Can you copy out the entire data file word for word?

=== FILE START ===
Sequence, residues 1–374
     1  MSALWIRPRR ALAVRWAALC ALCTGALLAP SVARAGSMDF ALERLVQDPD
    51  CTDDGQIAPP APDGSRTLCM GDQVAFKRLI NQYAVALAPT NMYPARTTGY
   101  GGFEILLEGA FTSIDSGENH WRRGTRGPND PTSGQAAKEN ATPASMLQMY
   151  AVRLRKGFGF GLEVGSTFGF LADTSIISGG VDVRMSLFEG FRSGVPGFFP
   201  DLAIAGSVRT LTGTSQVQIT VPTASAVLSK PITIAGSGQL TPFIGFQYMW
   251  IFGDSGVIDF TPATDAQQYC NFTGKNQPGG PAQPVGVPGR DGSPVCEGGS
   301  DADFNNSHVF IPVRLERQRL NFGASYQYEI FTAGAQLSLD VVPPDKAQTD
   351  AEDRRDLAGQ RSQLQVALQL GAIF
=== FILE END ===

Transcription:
Sequence, residues 1–374
     1  MSALWIRPRR ALAVRWAALC ALCTGALLAP SVARAGSMDF ALERLVQDPD
    51  CTDDGQIAPP APDGSRTLCM GDQVAFKRLI NQYAVALAPT NMYPARTTGY
   101  GGFEILLEGA FTSIDSGENH WRRGTRGPND PTSGQAAKEN ATPASMLQMY
   151  AVRLRKGFGF GLEVGSTFGF LADTSIISGG VDVRMSLFEG FRSGVPGFFP
   201  DLAIAGSVRT LTGTSQVQIT VPTASAVLSK PITIAGSGQL TPFIGFQYMW
   251  IFGDSGVIDF TPATDAQQYC NFTGKNQPGG PAQPVGVPGR DGSPVCEGGS
   301  DADFNNSHVF IPVRLERQRL NFGASYQYEI FTAGAQLSLD VVPPDKAQTD
   351  AEDRRDLAGQ RSQLQVALQL GAIF